Tuesday, 30 September 2014

#90 - King and Queen of Netherlands

The Monarchy of the Netherlands is constitutional and as such, the role and position of the monarch are defined and limited by the constitution of the Netherlands. Consequently a fairly large portion of the Dutch constitution is devoted to the monarch; roughly a third of the constitution describes the succession, mechanisms of accession and abdication to the throne, the roles and responsibilities of the monarch and the formalities of communication between the States-General of the Netherlands and the monarch in the creation of laws.

The constitution refers to the monarch of the Kingdom of the Netherlands as "The King", though the monarch may be a king as well as a queen.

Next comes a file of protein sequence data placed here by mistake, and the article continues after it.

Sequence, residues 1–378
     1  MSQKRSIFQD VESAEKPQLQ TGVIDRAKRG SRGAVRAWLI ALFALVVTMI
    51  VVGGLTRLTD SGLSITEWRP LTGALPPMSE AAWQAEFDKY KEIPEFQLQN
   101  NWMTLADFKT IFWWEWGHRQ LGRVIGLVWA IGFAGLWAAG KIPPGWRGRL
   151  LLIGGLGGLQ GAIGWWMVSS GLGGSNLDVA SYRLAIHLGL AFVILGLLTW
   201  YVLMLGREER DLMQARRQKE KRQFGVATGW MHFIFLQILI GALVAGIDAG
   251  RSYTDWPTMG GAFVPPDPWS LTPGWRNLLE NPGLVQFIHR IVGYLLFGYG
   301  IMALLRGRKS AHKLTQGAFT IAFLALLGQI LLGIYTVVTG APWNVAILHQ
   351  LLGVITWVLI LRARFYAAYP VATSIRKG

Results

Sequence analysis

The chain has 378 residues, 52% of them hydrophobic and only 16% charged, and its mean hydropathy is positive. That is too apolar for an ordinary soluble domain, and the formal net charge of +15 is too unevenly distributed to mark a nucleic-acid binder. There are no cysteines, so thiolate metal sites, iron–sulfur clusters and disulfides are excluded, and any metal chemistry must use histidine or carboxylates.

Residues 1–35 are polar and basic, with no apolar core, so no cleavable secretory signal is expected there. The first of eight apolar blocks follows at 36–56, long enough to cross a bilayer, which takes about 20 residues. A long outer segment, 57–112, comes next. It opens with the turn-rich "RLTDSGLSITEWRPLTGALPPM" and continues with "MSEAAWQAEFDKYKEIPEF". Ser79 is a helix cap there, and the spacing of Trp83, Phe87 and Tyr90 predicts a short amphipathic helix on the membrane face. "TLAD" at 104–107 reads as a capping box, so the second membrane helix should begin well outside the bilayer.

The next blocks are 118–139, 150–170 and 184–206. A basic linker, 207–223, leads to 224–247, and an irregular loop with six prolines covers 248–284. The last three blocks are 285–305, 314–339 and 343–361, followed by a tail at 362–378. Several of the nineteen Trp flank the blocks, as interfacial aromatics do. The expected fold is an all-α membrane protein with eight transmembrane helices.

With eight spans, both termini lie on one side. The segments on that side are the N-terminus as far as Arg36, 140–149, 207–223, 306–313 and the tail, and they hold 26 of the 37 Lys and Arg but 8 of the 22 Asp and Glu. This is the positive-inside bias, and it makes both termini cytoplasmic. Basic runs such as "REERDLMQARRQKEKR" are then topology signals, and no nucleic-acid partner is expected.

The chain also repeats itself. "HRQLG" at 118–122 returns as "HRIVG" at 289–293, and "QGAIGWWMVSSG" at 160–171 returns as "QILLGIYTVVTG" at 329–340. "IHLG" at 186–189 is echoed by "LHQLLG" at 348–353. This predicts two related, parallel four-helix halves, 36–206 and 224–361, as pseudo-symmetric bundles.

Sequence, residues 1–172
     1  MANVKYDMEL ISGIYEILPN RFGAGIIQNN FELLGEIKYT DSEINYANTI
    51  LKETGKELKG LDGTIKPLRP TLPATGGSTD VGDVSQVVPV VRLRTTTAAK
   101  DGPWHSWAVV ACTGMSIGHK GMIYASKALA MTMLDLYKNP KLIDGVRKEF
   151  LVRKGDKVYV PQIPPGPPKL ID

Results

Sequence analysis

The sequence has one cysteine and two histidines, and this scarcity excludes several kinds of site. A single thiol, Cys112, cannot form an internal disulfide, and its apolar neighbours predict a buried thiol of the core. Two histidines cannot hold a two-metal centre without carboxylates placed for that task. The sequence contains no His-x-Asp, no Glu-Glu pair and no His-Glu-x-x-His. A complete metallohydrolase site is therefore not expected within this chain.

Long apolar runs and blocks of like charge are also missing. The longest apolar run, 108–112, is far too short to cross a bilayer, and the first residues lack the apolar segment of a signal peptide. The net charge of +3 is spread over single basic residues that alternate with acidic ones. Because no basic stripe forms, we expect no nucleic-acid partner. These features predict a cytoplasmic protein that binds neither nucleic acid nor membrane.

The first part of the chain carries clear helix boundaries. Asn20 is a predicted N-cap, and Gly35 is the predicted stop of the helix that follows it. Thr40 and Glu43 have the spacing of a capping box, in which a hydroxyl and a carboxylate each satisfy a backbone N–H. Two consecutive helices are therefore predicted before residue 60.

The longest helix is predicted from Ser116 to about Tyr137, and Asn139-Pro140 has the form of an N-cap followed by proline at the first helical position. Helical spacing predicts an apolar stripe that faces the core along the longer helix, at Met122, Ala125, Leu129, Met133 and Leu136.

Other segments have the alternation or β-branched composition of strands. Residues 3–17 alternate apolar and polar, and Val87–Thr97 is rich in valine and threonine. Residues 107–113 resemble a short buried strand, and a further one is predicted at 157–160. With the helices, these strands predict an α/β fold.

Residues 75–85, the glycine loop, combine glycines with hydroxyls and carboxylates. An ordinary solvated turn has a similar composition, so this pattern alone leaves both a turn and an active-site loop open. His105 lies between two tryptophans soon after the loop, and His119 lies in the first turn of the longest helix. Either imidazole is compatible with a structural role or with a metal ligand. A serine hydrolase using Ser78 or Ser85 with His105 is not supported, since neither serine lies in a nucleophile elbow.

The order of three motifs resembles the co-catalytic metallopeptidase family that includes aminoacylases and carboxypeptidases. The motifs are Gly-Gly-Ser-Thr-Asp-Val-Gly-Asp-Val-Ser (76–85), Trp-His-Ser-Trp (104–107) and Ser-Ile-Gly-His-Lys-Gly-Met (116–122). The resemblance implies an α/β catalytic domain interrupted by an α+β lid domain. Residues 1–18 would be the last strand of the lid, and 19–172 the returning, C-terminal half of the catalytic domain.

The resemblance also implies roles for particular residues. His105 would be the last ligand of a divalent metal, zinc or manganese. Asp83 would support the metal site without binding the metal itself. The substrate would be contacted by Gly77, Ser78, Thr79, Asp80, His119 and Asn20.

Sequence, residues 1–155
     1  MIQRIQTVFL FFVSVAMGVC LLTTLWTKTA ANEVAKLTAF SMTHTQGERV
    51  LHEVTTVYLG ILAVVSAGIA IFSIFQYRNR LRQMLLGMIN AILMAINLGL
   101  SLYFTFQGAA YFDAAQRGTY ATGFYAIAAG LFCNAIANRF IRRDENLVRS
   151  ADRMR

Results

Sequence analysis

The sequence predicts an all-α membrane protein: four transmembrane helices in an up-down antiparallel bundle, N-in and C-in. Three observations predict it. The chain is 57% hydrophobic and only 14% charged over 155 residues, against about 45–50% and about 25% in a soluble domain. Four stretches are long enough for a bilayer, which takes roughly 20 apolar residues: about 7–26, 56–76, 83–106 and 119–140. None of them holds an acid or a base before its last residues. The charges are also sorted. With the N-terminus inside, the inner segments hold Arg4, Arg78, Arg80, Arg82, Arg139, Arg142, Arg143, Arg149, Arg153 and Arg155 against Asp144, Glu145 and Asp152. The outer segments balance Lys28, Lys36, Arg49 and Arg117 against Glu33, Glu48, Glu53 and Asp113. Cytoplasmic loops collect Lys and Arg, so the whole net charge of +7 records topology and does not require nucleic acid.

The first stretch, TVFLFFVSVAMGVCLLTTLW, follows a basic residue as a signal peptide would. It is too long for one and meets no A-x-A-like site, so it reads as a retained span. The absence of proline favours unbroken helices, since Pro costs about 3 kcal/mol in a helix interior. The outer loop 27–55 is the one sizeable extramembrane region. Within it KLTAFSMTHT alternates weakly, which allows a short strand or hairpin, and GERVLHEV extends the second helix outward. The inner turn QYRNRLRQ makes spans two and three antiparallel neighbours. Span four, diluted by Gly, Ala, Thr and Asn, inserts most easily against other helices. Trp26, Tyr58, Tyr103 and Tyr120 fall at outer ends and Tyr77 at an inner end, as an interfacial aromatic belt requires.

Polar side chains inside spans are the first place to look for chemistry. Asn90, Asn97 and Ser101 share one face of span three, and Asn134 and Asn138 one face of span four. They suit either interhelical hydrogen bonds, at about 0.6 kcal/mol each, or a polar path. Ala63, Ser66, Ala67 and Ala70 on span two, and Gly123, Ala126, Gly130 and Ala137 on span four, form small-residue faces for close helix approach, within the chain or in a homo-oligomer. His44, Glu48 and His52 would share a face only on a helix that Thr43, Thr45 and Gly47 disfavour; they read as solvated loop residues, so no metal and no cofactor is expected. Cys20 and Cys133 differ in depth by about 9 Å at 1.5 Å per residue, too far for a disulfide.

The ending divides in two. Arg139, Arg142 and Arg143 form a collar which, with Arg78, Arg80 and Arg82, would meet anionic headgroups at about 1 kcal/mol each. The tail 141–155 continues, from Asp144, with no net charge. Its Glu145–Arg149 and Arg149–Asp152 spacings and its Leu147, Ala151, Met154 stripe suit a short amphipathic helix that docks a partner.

The Kingdom of the Netherlands has been an independent monarchy since 16 March 1815, but has been hereditarily "governed" by members of the House of Orange-Nassau since 1559, when Philip II of Spain appointed William of Orange as stadtholder. William became the leader of the Dutch Revolt and the independent Dutch Republic. As stadtholder, he was followed by several of his descendants, and during the 18th century, the function of stadtholder developed into a hereditary head of state of the thus "crowned" Dutch Republic. The last stadtholder, William V, was succeeded by his son, William I, who became the first king.

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